Should Infanticide be Legal?

Peter Singer, probably the most well-known bioethicists, who believes he is too humane to eat a hamburger because animals should have rights,  has never had any qualms about infanticide.

He believes an unborn child only acquires “moral significance” at around 20 weeks gestation when they are able to feel pain.  However, Singer believes that even though a baby can feel pain, it still doesn’t have the self-awareness of a chimpanzee or even a dog and man should assign greater moral significance to the chimpanzee and dog than to an unborn child.

“Some opponents of abortion respond that the fetus, unlike the dog or chimpanzee, is made in the image of God, or has an immortal soul.  They thereby acknowledge religion is the driving force behind their opposition.  But there is no evidence for these religious claims and in a society in which we keep the state and religion separate, we should not use them as a basis for the criminal law, which applies to people with different religious beliefs, or to those with none at all.”

All laws stem from someone’s perception of morality so why should Singer or those like him be able to impose their perception of morality, or lack thereof, on the rest of society?   The truth is that most of the atrocities of the 20th century were committed under atheistic regimes so it would seem reasonable that religious morality was a good thing for society at large.

Singer  also admits that  while an unborn child is fully human, the humanity of the unborn does not obligate society to preserve that life.  In his book “Rethinking Life and Death”,  Singer takes the view that “new-born infants, especially if unwanted, are not yet full members of the moral community” and proposes a 28 day period after birth in which the child might be killed before being granted full human rights.

In 2007 Singer wrote an article reversing his position on the acceptance of infanticide in most cases but made it clear that it wasn’t because a child acquired a moral significance once it was born but because criminal law needed clear dividing lines.  But in another article he argued that due to the high rate of disability in premature infants, doctors should not treat them if they were born prior to 26 weeks gestation – “killing a disabled infant is not morally equivalent to killing a person.  Very often, it is not wrong at all.”  Singer’s denial of an unborn child’s personhood is central to his justification for abortion.

Singer’s views stem from a philosophy known as “utilitarianism” in which the stated goal is to maximize pleasure and minimize pain for the greatest number of people as possible.  Utilitarian ethics were popularized by Joseph Fletcher, an apostate Episcopalian minister who became an atheist.  Fletcher is best known for creating “situation ethics” and popularized the distinction between “human being” and “person” that is central to abortionists ethics.  It is kind of like asking the question of “what is the definition of is”?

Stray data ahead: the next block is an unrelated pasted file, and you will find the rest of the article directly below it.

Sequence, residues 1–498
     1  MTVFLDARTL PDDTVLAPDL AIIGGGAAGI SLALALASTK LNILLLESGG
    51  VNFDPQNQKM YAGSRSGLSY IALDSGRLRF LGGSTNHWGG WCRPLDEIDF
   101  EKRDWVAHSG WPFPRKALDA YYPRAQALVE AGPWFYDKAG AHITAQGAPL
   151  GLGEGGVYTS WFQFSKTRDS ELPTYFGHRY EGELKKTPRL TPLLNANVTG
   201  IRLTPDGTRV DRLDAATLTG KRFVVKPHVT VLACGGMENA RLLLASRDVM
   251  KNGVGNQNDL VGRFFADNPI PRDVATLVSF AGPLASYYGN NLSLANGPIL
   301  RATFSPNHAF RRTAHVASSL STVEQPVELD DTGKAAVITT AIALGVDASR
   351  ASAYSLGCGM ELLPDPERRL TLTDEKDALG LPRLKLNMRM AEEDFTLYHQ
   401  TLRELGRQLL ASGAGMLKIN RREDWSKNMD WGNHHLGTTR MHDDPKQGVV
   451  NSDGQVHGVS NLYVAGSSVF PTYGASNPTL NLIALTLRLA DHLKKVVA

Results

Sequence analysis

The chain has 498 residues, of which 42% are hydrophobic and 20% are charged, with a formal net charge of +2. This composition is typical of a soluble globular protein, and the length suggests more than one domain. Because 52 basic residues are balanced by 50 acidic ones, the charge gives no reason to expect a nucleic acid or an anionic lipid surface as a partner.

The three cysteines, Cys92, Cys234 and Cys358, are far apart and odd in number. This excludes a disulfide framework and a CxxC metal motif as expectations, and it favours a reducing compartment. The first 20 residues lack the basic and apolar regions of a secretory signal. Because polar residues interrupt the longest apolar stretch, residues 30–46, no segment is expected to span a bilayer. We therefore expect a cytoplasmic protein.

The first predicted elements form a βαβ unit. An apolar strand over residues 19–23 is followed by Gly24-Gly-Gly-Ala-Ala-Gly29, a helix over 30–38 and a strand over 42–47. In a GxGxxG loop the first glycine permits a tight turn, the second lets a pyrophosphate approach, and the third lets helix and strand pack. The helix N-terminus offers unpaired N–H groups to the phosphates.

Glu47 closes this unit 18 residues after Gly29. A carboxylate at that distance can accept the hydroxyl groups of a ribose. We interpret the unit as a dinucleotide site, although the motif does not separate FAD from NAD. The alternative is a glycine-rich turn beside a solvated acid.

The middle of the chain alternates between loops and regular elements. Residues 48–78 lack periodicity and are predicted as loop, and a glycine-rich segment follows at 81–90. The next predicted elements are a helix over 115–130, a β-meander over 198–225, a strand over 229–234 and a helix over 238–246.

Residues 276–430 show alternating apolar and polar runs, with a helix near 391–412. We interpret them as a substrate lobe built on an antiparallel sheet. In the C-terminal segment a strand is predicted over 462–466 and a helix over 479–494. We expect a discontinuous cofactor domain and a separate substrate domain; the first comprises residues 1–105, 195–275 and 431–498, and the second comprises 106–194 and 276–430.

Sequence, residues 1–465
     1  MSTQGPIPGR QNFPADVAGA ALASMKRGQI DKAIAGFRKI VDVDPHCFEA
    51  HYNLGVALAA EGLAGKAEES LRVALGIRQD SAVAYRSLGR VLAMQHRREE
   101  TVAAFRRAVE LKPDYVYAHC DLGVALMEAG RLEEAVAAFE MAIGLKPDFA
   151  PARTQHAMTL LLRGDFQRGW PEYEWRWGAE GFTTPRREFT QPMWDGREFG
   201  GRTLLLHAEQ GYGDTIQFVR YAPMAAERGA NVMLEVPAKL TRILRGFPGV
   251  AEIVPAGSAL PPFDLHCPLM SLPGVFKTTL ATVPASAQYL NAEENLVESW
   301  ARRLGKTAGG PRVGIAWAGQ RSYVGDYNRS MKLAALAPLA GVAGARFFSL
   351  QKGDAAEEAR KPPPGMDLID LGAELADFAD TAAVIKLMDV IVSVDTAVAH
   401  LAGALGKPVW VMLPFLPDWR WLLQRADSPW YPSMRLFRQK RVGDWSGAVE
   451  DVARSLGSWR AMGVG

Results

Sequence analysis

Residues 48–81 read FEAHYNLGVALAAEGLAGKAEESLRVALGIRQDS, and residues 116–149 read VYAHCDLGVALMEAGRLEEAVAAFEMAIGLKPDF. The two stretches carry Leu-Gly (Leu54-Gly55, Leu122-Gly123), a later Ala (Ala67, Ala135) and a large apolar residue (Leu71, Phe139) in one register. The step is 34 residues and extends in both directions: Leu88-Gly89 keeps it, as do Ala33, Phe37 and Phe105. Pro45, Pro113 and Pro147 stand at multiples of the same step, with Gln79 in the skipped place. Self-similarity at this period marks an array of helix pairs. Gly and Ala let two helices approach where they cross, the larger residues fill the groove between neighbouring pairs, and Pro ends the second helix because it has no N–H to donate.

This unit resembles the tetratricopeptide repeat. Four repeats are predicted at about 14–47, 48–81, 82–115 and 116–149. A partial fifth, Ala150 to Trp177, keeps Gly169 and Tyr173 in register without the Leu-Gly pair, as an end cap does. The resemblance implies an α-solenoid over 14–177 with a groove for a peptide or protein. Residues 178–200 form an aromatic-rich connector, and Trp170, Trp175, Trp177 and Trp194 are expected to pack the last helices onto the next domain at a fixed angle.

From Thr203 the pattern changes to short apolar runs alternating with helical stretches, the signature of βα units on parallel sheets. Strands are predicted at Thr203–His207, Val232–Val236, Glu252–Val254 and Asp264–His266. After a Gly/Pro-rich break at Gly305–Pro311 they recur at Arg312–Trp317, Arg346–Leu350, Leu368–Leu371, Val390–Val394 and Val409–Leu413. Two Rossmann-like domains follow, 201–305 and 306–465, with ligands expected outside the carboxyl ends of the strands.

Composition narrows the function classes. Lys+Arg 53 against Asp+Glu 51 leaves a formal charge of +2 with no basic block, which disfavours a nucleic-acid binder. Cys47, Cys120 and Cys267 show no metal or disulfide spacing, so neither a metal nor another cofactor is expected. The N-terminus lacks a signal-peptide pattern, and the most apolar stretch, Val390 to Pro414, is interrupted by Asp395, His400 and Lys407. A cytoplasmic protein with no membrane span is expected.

Situation ethics is explained by Christian apologist and attorney John Warwick Montgomery  who wrote  that “Whether we ought to follow a moral principle or not would always depend upon the situation.. .Lying could be more Christian than telling the truth. . .stealing could be better than respecting private property. . .no action is good or right of itself.  It depends on whether it hurts or helps people. . .There are no normative moral principles whatsoever which are intrinsically valid or universally obliging.  We may not absolutize the norms of human conduct. . .Love is the highest good and the first order value, the primary consideration to which in every act. . .we should be prepared to sidetrack or subordinate other value considerations of right and wrong.”

Tom Beauchamp, a bioethicists, Professor of Philosophy and Senior Research Scholar at the Kennedy Institute of Ethics, who received his BA from Southern Methodist University and his BD from Yale Divinity School, is of the same mind.  He wrote that  “Many humans lack properties of personhood or are less than full persons, they are thereby rendered equal or inferior in moral standing to some nonhumans.”    Let’s hope that this is not the philosophy of Yale Divinity because it is antithetical to the Biblical teaching of God’s creation of man. 

Euthanasia advocate Dan Brock, of Harvard’s Program of  Ethics and Health argues that irregardless of the right or wrong of killing a child, “in a pluralistic society like our own, with a strong commitment to freedom of religion, public policy should not be grounded in religious beliefs which many in society reject.”

Obama’s stance on infanticide is varied, and wholly dependent upon his audience.  While claiming to be a Christian, he isn’t sure when life begins; while supporting a woman’s “right” to murder her unborn child, fully supporting partial birth abortions and giving taxpayer money to Murder, Inc., he claims a desire to decrease the number of abortions.  In addition this so-called Christian doesn’t believe that a child born alive after an attempted abortion should be allowed to live.

Obama may not openly or even consciously support the utilitarian ethic that Singer and other bioethicists embrace, but his position on infanticide, his votes on abortion bills, his devaluing certain human life as unworthy of life, has its roots in evolutionary utilitarian though and defining personhood separately from humanity.

I find it vastly disturbing that, in a country where people go nuts over someone trying to drown a puppy,  they could care so little about the murder of  an innocent unborn child!







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